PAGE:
The opinion of the local population was different at that time. At that time, some Romanian residents there viewed the Jews, from an economic and moral point of view, as “fraudsters and speculators” on the local residents who had shopped with them as customers. The envy and resentment also played a role, the very large social gap between the poor Romanians and the rich and wealthy Jews. These social reasons, the poverty of many Romanians there, their subservience as well as the material and financial dependence on the wealthy Jewish businessmen or entrepreneurs in the previous Romanian period also played a major role. Yes, some bad or unjust personal treatment of the Romanians by Jewish businessmen and entrepreneurs also led to that it was generalized and that such Romanians were not very good at talking about the “arrogant rich Jews”. Such pent-up, pent-up personal differences and conflicts between individual Romanians and some Jews also led to the anti-Jewish attitude of the residents there. They also led to their attitude, in Czudyn, Storozynetz as well as Czernowitz and also other places to these shootings and murders of the Jews.
From a political point of view, the Jews there were regarded as traitors to the Romanian kingdom because they made pacts with the Soviet Union and, during the occupation of northern Bukovina in June 1940, regarded and celebrated the Soviet army as their liberators. When the Soviet Union occupied northern Bukovina, many Jews viewed the invading Soviet army – in fact – as their friends and allies. On June 28, 1940, the Jewish students in particular publicly welcomed the Red Army with red flags and flowers as their liberators in the streets and squares of Czernowitz. That is why some Romanians, full of hatred, described the Jews as traitors to their previous fatherland Romania. Especially the members or supporters of the radical national party of the “Cusists” as well as the “Iron Guard” of Romania, Those who opposed the Jews in their entire political stance were able to depict the Jews as traitors with these examples full of hatred and very effectively. In such cases they were happy about such “consistent settlements” with the “Jewish traitors”. This part of the Romanian residents there saw these shootings as “Romanian retribution” against the “traitorous Jews”. For them it was the day of the “fair reckoning” with their Jews there. This part of the Romanian residents there saw these shootings as “Romanian retribution” against the “traitorous Jews”. For them it was the day of the “fair reckoning” with their Jews there. This part of the Romanian residents there saw these shootings as “Romanian retribution” against the “traitorous Jews”. For them it was the day of the “fair reckoning” with their Jews there.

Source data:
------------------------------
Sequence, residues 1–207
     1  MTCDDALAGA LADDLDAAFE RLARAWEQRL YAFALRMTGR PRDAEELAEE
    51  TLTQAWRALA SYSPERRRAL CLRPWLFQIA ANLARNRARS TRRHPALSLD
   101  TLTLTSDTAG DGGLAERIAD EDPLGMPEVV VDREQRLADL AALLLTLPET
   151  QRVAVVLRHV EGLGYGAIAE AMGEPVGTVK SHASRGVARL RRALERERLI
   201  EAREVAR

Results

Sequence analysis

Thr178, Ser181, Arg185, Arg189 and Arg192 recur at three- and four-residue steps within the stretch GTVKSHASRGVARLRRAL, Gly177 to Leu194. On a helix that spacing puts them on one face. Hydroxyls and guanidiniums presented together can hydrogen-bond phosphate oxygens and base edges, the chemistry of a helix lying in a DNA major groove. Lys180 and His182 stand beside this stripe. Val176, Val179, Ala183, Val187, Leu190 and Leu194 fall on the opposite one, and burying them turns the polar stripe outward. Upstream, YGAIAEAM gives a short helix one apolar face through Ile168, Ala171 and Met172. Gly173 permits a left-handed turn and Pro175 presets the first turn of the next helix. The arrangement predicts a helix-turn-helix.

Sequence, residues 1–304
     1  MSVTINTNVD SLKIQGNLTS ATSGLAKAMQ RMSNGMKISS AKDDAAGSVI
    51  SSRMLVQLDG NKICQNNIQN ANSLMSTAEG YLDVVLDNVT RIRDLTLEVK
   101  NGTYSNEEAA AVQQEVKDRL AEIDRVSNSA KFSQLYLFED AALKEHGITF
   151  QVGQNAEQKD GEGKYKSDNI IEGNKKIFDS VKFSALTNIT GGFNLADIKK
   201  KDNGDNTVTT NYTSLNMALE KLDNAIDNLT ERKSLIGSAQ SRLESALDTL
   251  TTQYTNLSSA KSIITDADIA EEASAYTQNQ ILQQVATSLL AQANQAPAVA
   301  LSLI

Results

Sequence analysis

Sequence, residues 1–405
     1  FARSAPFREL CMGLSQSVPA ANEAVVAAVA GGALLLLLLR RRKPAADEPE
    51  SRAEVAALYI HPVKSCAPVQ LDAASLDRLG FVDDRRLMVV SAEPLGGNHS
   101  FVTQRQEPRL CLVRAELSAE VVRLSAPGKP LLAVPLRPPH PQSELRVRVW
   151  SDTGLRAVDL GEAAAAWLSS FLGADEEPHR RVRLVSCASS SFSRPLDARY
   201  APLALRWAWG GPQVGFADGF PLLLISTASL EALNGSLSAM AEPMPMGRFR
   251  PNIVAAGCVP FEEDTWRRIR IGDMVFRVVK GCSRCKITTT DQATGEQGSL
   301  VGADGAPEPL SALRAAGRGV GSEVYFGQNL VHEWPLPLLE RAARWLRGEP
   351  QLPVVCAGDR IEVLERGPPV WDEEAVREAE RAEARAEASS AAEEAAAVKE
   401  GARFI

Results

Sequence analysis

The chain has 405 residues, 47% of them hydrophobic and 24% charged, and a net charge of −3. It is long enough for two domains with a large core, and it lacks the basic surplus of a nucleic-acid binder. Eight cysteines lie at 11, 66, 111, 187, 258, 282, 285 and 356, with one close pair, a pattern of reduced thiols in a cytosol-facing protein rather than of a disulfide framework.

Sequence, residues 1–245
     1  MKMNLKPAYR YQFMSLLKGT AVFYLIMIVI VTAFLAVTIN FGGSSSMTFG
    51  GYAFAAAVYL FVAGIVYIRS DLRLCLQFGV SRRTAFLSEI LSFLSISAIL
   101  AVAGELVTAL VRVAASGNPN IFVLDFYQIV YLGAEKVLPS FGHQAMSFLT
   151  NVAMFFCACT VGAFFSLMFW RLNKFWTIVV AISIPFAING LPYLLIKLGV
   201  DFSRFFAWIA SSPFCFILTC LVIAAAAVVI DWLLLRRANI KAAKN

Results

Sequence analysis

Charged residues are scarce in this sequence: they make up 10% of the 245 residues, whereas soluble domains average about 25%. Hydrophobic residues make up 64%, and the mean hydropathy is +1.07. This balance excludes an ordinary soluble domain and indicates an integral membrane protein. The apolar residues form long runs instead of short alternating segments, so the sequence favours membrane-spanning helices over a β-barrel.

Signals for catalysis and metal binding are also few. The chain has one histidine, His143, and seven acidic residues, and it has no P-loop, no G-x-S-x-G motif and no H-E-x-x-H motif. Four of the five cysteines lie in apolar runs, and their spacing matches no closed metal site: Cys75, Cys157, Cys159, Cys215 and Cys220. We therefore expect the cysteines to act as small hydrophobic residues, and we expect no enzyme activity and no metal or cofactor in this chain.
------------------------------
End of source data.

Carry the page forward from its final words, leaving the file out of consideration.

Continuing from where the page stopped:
Other Romanians who had a different view were afraid to speak about it and express their opinion. They did not want to expose themselves to Romanian state reprisals and persecution and suffer political disadvantages because of it. That’s why they preferred to keep quiet about it.
The former large, massive Jewish temple in Czudyn, which was the only temple for all Jews in this area, was destroyed by fire in the summer of 1941 and then completely demolished. After the execution of these 634 Jews in Czudyn, there was not a single Jew left in Czudyn and the surrounding area. Even today there is no Jew living there.
The Jewish cemetery in Czudyn, which was the cemetery of all Jews in the area until 1941, was devastated over time, by nature but also by theft of gravestones and their borders and other grave desecrations. Even today, in 2002, there are grave desecrations in the form of graffiti and vandalism by residents of this area. The police there have neither the strength nor the interest to deal with it.
The attitude of those “of different faiths” to the Jews seems to be a general problem that is still latent or even open today in many European countries.